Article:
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The Sirens of Titan is the fourth book in Rachel’s Suggested Vonnegut Reading Order.

Player Piano is Kurt Vonnegut’s first novel, but I’d argue that The Sirens of Titan, released in 1959, is the first novel by Vonnegut as we know him. We have war. We have Tralfamadorians. We have a funky new religion. We even have plot points from Vonnegut’s short stories and plays that crop up at random points. Oh, it’s just a rehash of his other work, you’re probably thinking, emitting a condescending snort and sipping on your cup of black coffee. But that’s exactly what Sirens is not. It’s too early in Vonnegut’s career for that. You can’t rehash something that’s yet to be hashed.

Now, on to Sirens‘s main hash:

Malachi Constant, the richest man in America, has always had everything, and now he has the chance to have even more: another super-rich fellow, Winston Niles Rumfoord, invites him to travel to and live on Mars, making him one of the first humans to do so. Constant respectfully denies, but that’s because he still thinks the deal is negotiable. Truth is, Rumfoord knows the future, and he knows Constant will end up on Mars, mated to none other than Beatrice Rumfoord, his own wife.

Does this all come to pass? Don’t ask Malachi Constant. In fact, after he gets to Mars, don’t even ask him who he is. His memory seems to have been wiped clean.

I wish I could tell you more, but that would result in dreadful spoilers that would surely anger you so much that you’d never trust any of my review blogs again. (You may already mistrust them if you’ve read my Player Piano blog.) And if there’s one Vonnegut book you really don’t want to have spoiled, it’s Sirens. This is, at heart, a classic sci-fi adventure story, a space opera Vonnegut wrote on his publisher’s request. In fact, you could almost call it fun – at least, as fun as Vonnegut gets.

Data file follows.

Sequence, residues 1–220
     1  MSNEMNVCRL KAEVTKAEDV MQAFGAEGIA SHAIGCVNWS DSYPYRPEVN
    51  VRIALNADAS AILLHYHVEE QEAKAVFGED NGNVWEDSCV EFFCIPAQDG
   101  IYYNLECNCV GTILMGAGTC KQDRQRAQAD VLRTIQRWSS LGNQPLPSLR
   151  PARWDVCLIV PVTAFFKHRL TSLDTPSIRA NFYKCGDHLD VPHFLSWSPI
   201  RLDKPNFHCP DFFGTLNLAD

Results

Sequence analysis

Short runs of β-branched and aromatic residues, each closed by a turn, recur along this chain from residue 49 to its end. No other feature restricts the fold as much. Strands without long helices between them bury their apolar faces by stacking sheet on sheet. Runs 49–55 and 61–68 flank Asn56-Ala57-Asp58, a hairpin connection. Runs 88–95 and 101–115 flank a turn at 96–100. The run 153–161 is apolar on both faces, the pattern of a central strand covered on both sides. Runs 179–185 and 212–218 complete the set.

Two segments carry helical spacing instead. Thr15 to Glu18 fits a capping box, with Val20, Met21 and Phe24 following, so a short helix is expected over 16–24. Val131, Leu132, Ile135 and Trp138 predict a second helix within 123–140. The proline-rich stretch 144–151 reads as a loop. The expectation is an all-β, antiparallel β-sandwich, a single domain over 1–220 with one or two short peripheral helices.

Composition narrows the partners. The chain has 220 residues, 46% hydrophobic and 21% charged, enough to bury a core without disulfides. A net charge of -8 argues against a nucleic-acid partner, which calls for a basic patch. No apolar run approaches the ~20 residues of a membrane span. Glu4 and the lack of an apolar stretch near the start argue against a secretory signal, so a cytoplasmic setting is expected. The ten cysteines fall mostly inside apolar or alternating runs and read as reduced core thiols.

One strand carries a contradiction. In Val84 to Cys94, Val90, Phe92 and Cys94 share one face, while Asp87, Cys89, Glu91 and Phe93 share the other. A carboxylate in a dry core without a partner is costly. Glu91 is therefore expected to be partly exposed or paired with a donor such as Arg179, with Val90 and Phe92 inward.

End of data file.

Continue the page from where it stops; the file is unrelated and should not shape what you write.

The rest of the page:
But Sirens isn’t always an adventure book, nor is it always fun. It’s also a book about daddy issues, a book about war and its aftermath, a book about how the government is screwing you, a book about religious fervor, a buddy novel, a family saga. Be prepared to laugh in public places. Be prepared to cry in public places. Of course, you could read it in private places only, but this is the kind of book you’ll have to bring with you on the bus and to the doctor and in a restaurant because you can’t bear to be away from it for that long. It’s just that good.

It also pulls off being that good in a relatively small space. The edition I read is only 326 pages, which is long for a Vonnegut book.

Want to hear how funny this book can be? Listen.

The only things to read on board were two comic books left behind by the ship fitters. They were Tweety and Sylvester, which was about a canary that drove a cat crazy, and The Miserable Ones, which was about a man who stole some gold candlesticks from a priest who had been nice to him.

‘What he take those candlesticks for, Unk?’ said Boaz.

‘Damn if I know,’ said Unk. ‘Damn if I care.’

Want to hear how unfairly touching this book can be? Listen.

‘I ain’t never been nothing good to people, and people never been nothing good to me. So what I want to be free in crowds of people for? . . . I found me a place where I can do good without doing any harm, and I can see I’m doing good, and them I’m doing good for know I’m doing it, and they love me, Unk, as best they can. I found me a home.’

This book is also incredibly suspenseful, even thought Vonnegut didn’t buy into unpredictability in fiction writing. In his 8 Rules for Writing Fiction, Vonnegut says, “To hell with suspense. Readers should have such complete understanding of what is going on, where and why, that they could finish the story themselves, should cockroaches eat the last few pages.”